Scholars continue to give different dates for Egypt’s second revolt against the Persians: Classicists generally date the revolt to 487-485 or 487/ 486-485/484 BC; Egyptologists and historians of the Achaemenid Empire generally date it to 486-485/484; while some scholars date it to 486/485-485/484. Such chronological differences may sound small, but they have important consequences for the way the rebellion is understood. The purpose of the present article is therefore twofold: first, it aims to clarify what we can and cannot know about the rebellion’s exact chronology. After a review of the relevant evidence, it will be argued that the best chronological framework for the rebellion remains the one provided by Herodotus’s Histories, which places the rebellion in ca. 487-484. Second , the article will show how this chronology influences our understanding of the geographical extent and social impact of the rebellion. The adoption of Herodotus’s chronological framework, for example, results in a larger number of Egyptian sources that can be connected to the period of revolt than was previously recognized. These sources, it will be argued, suggest that some people in the country remained loyal to the Persian regime while others were already fighting against it. Moreover, they indicate that the revolt reached Upper Egypt and that it may have affected the important city of Thebes.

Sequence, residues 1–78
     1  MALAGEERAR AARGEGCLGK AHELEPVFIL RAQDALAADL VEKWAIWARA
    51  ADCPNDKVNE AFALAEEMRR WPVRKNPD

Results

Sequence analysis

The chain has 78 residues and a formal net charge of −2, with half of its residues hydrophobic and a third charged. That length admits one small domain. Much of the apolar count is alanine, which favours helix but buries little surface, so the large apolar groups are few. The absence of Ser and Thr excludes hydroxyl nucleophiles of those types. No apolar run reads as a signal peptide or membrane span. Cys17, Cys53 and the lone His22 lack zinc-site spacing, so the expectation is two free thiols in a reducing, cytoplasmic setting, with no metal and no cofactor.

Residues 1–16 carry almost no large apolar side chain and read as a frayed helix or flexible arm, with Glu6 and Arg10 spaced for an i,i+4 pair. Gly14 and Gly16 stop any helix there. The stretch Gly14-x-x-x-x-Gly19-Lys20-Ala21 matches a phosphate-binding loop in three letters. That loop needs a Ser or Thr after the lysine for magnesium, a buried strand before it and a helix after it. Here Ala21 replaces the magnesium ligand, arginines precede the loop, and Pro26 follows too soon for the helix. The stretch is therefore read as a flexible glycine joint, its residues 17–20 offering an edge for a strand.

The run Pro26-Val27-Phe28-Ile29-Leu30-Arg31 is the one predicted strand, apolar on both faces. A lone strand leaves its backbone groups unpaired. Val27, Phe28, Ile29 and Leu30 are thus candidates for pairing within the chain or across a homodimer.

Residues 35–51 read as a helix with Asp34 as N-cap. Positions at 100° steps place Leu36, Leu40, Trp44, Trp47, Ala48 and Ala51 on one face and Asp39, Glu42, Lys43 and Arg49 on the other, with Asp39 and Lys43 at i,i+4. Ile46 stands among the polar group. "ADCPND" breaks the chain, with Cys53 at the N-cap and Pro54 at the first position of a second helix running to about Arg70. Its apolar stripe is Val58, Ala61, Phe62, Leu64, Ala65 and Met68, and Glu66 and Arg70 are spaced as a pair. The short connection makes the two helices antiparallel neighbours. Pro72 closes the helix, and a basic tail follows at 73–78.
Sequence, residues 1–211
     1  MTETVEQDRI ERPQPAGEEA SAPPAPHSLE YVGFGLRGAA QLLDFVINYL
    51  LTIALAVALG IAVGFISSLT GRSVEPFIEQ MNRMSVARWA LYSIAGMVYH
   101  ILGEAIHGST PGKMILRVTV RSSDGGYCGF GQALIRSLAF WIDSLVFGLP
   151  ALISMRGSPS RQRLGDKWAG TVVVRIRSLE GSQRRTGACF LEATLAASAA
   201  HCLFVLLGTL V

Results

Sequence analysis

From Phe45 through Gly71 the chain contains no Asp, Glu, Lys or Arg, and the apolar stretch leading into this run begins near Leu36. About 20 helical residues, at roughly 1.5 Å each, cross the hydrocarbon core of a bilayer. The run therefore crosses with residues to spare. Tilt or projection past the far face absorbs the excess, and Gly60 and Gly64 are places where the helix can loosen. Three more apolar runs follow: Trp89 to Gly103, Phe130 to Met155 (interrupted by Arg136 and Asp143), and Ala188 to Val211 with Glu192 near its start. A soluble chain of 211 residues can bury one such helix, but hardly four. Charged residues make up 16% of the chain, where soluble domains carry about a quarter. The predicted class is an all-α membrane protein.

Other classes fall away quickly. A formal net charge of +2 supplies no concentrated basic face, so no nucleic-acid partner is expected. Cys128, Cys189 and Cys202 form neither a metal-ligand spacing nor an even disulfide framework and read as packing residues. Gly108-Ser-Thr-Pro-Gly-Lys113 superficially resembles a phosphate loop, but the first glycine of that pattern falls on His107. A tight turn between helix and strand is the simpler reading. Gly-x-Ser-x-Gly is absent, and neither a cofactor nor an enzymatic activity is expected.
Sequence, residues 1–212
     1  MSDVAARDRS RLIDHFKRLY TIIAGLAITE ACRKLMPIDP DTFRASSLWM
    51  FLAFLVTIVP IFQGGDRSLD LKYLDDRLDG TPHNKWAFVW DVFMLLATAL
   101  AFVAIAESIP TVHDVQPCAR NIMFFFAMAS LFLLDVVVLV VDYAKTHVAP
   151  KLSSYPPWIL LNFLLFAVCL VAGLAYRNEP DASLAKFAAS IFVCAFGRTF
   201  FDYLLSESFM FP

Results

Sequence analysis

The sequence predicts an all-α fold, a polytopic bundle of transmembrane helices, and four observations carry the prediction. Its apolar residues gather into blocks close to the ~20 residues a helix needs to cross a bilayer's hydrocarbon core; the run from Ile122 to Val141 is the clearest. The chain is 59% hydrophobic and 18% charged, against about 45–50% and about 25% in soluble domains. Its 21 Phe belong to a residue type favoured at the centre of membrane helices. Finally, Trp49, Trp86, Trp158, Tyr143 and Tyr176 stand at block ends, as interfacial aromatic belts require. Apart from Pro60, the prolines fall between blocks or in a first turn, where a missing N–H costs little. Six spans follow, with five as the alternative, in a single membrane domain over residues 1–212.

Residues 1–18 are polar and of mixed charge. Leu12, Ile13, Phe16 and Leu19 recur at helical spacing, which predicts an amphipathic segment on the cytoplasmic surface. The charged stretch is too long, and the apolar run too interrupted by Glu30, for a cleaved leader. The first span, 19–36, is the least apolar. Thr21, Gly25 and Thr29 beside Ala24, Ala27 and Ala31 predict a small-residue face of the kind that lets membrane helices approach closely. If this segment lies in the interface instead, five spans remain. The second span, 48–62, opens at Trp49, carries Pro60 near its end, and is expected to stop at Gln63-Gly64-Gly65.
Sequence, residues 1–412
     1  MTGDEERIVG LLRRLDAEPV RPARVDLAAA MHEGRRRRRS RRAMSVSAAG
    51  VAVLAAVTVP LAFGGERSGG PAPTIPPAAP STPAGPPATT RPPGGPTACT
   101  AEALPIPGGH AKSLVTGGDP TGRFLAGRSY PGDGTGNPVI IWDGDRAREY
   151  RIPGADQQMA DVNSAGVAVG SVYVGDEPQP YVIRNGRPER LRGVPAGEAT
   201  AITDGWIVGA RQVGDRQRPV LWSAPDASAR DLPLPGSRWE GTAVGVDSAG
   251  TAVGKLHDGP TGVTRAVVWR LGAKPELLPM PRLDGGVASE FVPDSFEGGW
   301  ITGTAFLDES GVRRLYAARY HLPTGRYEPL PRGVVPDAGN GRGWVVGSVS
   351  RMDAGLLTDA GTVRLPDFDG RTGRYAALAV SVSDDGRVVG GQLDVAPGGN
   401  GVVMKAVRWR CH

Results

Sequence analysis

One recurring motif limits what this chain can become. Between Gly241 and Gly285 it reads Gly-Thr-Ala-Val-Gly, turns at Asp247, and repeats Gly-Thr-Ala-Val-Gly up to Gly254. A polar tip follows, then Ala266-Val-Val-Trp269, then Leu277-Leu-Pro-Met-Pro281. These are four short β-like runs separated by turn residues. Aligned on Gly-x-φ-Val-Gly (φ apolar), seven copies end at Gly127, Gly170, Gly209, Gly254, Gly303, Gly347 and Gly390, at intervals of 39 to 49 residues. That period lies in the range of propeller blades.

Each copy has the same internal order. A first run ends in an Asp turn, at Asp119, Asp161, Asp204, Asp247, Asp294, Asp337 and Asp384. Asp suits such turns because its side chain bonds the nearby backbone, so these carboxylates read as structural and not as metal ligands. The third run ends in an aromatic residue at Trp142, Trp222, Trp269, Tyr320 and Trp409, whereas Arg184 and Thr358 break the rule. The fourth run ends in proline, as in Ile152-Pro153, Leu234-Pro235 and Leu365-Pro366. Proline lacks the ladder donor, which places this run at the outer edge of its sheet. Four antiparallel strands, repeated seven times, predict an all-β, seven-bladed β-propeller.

Qajar era was a period which academic historical researches translated from European languages to Persian and archaeological excavations in Iran besides deciphering ancient inscriptions by European orientalists and Iranologists took place. Confronting these excavations and texts made Iranian historians and also Iranians – who had epic perception from their ancient history – to have contradictory feelings about their past. This article tries to answer this question that how historians in Qajar era managed to solve these incompatible narratives. For this purpose, historical texts about ancient Iran, which have been written or translated in Qajar era, have been scrutinized. This article shows that in early Qajar era epic viewpoint about ancient Iran history was totally dominant so that historians would rather ignore factual history, provided by excavations and inscriptions, or interpret them in epic context. By expanding historical researches, factual history of ancient Iran gradually became an authentic narrative beside epic one and historians tried to connect these narratives in order to solve the duality. Eventually in later Qajar era, epic narrative considered fictional and the history, based on archaeological excavations and ancient texts, became valid.
اردو، رضا. 1397. تحول الگوهای تقسیمبندی تاریخ ایران باستان در عصر قاجار. تاریخنگری و تاریخنگاری 21: 7-31
The express messenger (pirradaziš) system attested in the Persepolis Fortification Archives played a crucial role in Achaemenid Persia’s control of a widespread provincial administrative system. Its potential relevance for Persian military operations is illustrated by a series of tablets, some previously unpublished, recording multiple messengers’ journeys between the court of Darius I and his brother Artaphernes at Sardis in 495-494 BCE. The timing and locations of their travel suggest a connection with the Persian offensive against Miletos and the suppression of the Ionian Revolt.